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Explaining the Personal Growth Project

Over the past 6-8 weeks, I've been blogging publicly on a regular basis about the results of various personality, strengths and interests assessments I've taken over the years.

The idea to put these results out in public came to me when I wrote a post on telling the story of my personal brand. Over the past year or so, I've realized that I need to do a better job of explaining who I am and what I offer.

I know who I am, but I haven't been very proactive in telling my story to the rest of the world. That didn't matter so much in the early days of my professional life when ladders and structures pretty much dictated outcomes.

The great thing is that my strengths, personality and interests are aligned perfectly with the variables necessary to thrive in the new economy. I was made for this era. It excites and energizes me, so I don't want to miss the opportunities to play to my strengths.

Writing Helps Me Think

Since I love figuring out how things work and writing helps me understand, blogging seemed like the perfect venue for this project.

A commitment to writing about my story “in public” ensures that I'll stay at the topic until I've thoroughly covered it, figured out an action plan and moved to take action.

I love to connect-the-dots between disparate bits of information. That's one reason I love the internet and the conceptual opportunities that come from hyperlinking.

When I blog, I can link my thoughts on one topic or idea to something else I've written and begin to see connections that I might otherwise miss. At some point in the late 90s, I began to think of the synapses in my brain as a series of hyperlinks that connected all the various ideas, images, emotions and facts I've stored there.

I also hope that I might inspire others to undertake similar projects to get in touch with who they really are. I try to incorporate the self-awareness mindset in advisees and students who seek out career advice because I don't want to see them pursue a career path that leaves them unfulfilled or stifled.

Authenticity Is Important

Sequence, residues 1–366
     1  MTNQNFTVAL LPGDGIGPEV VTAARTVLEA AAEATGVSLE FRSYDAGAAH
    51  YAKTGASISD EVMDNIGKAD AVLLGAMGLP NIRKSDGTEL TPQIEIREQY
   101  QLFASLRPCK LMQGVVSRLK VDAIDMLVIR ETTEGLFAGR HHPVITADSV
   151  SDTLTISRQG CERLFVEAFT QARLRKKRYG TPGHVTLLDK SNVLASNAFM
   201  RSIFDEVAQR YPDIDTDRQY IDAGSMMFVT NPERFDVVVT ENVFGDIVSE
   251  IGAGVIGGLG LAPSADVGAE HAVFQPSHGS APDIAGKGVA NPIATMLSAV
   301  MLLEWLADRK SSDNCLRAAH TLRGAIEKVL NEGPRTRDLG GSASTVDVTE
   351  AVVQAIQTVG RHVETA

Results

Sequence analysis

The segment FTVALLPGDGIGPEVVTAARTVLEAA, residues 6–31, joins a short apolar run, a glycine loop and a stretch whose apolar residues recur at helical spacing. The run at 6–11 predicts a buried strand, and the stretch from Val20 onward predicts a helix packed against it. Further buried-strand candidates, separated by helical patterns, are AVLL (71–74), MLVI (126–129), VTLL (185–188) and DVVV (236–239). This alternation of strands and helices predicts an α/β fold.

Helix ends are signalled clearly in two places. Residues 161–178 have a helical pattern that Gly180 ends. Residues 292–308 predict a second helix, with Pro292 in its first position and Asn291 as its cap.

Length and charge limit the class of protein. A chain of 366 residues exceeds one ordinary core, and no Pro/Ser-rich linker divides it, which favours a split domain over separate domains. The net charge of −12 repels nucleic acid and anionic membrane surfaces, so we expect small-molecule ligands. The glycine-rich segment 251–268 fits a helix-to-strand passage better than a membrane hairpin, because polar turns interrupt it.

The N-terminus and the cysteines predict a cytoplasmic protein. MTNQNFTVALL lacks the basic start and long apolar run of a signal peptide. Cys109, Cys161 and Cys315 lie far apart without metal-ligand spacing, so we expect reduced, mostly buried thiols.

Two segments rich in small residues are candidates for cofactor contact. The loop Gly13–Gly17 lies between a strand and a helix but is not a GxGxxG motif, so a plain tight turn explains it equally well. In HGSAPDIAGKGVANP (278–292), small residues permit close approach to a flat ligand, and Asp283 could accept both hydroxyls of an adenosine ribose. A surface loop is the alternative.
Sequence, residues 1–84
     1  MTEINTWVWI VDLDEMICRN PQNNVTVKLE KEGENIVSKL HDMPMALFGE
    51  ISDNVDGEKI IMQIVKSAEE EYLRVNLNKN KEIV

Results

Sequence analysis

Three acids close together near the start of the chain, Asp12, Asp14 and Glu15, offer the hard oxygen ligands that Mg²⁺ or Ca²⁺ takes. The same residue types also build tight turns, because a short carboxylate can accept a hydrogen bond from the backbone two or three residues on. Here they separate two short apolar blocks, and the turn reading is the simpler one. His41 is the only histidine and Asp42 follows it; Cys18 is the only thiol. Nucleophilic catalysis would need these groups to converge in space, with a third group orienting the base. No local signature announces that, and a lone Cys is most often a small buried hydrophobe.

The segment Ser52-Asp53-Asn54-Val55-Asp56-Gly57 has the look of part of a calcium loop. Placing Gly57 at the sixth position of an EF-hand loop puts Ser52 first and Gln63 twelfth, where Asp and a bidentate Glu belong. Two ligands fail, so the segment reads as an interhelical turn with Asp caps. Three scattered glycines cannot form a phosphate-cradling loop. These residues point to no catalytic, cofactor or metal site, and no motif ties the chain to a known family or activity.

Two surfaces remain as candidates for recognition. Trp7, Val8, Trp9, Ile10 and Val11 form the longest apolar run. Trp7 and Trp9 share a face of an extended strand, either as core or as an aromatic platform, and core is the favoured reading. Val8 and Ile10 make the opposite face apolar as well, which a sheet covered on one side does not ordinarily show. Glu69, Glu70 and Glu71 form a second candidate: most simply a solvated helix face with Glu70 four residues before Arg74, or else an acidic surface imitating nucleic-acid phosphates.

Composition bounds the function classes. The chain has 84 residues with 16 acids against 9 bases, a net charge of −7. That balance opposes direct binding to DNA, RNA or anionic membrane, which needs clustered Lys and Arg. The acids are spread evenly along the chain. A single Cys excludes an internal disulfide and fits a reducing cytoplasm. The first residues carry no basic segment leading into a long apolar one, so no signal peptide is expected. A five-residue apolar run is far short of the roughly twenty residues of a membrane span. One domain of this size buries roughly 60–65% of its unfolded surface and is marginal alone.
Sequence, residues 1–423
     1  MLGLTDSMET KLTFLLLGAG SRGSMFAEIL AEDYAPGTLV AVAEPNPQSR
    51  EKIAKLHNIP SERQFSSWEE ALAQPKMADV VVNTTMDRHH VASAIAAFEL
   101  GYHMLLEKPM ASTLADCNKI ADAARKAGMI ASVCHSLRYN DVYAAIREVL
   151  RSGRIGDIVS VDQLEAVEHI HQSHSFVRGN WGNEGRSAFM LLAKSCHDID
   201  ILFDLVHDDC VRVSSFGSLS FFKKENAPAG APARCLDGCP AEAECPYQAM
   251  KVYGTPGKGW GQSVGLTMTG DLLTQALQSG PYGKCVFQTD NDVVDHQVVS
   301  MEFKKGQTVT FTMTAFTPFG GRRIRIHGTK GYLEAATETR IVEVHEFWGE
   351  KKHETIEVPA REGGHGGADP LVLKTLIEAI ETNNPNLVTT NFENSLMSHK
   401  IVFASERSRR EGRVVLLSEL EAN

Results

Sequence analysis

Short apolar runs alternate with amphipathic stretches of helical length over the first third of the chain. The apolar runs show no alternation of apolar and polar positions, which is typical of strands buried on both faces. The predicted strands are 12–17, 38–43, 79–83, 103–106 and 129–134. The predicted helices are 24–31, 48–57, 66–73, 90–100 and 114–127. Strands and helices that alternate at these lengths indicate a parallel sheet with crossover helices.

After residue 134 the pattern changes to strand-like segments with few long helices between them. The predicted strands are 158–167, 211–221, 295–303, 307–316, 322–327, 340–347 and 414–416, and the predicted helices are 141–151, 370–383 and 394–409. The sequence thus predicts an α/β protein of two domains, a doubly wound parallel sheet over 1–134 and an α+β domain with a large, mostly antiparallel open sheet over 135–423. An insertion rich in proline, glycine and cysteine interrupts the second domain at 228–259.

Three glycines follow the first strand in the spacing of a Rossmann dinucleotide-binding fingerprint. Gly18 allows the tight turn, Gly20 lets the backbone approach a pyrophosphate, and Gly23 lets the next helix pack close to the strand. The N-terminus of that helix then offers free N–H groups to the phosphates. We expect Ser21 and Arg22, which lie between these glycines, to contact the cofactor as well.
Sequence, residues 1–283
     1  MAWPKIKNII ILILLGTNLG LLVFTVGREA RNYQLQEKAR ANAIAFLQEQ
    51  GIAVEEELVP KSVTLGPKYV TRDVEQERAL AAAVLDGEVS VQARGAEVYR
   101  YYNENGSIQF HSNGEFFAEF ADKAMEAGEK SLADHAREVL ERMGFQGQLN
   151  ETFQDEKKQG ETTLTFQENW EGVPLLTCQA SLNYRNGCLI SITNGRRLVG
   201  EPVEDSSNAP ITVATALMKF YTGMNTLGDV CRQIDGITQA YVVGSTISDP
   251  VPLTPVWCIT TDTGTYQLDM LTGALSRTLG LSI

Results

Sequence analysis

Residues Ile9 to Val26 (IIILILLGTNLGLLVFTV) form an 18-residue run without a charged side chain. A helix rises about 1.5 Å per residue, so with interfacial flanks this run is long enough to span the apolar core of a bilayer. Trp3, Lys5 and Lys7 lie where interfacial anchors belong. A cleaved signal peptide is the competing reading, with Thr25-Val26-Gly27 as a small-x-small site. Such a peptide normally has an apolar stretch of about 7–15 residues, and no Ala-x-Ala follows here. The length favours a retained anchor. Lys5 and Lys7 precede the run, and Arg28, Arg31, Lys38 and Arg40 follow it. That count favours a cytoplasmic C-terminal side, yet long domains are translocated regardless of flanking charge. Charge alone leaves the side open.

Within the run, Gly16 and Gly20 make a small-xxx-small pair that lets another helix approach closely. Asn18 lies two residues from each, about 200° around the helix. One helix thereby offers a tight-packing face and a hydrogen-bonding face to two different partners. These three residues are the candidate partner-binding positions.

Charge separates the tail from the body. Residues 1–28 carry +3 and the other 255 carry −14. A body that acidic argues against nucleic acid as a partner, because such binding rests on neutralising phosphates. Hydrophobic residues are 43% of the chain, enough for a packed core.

Putting all of these results “out there” for the world to see serves, in some ways, as a confirmation that I'm not just spinning who I am and what I offer. These results provide some independent documentation that I'm being authentic and transparent when I talk about my strengths and interests.

Being “real” is important to me. Authenticity is a value that shows up a lot in my assessments and it's something I know I care about.

In the past, my blogging has focused on benign topics, while I've kept a lot of myself in the shadows.  I didn't want to write or talk about myself because that just seemed unseemly. I occasionally talked about something personal, but even then I was non-specific.

For the most part, except for my recipe-and-food posts, I ended up writing on generic topics, or giving lectures, instead of telling interesting stories.

One of the main motivations of the Shinecast project is to help others live healthy, happier lives.

To do that, I have to be comfortable talking about my own experiences in facing up to challenges and growing through obstacles. I think my experiences can provide inspiration.

We All Have Fears

As confident as I am, I've also faced obstacles and self-doubt. Courage is, in some ways, like a muscle. By pushing through fear, you learn resilience. And resilience is something I fully understand. It's probably my greatest strength.

I still feel fear at times, but I move on anyway because I've learned that whatever is causing fear usually evaporates in the face of action.

[Tweet “The cause of your fear usually evaporates in the face of action.”]

Writing publicly about myself is a simple exercise in courage, it gets me out of my comfort zone and gives me another arrow in my bravery quiver. And writing also helps me to think through situations that sometimes cause fear.

I've spent the past 5 years trying to adapt to a bad fit and to overcome someone else's misconception of who I am and what I offer, strictly to “prove I could succeed” in a situation that I chose, despite my instinctive understanding that I was making a mistake from the outset. On the plus side, I've used these five years to develop new skills that build on the internet technology skills I developed in the 90s and early 2000s (like WordPress, digital marketing, etc.) and expand my professional network.

I intend for the next phase of my professional life to emphasize projects that allow me to use my strengths and interests to “be more, achieve more” (to steal a phrase from a podcast I listen to regularly.

This personal growth project is all about giving wings to the vision I have for the second half of my life. It's exciting and energizing and I can't wait to experience the vision unfold.

 

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The Magician Goes Exploring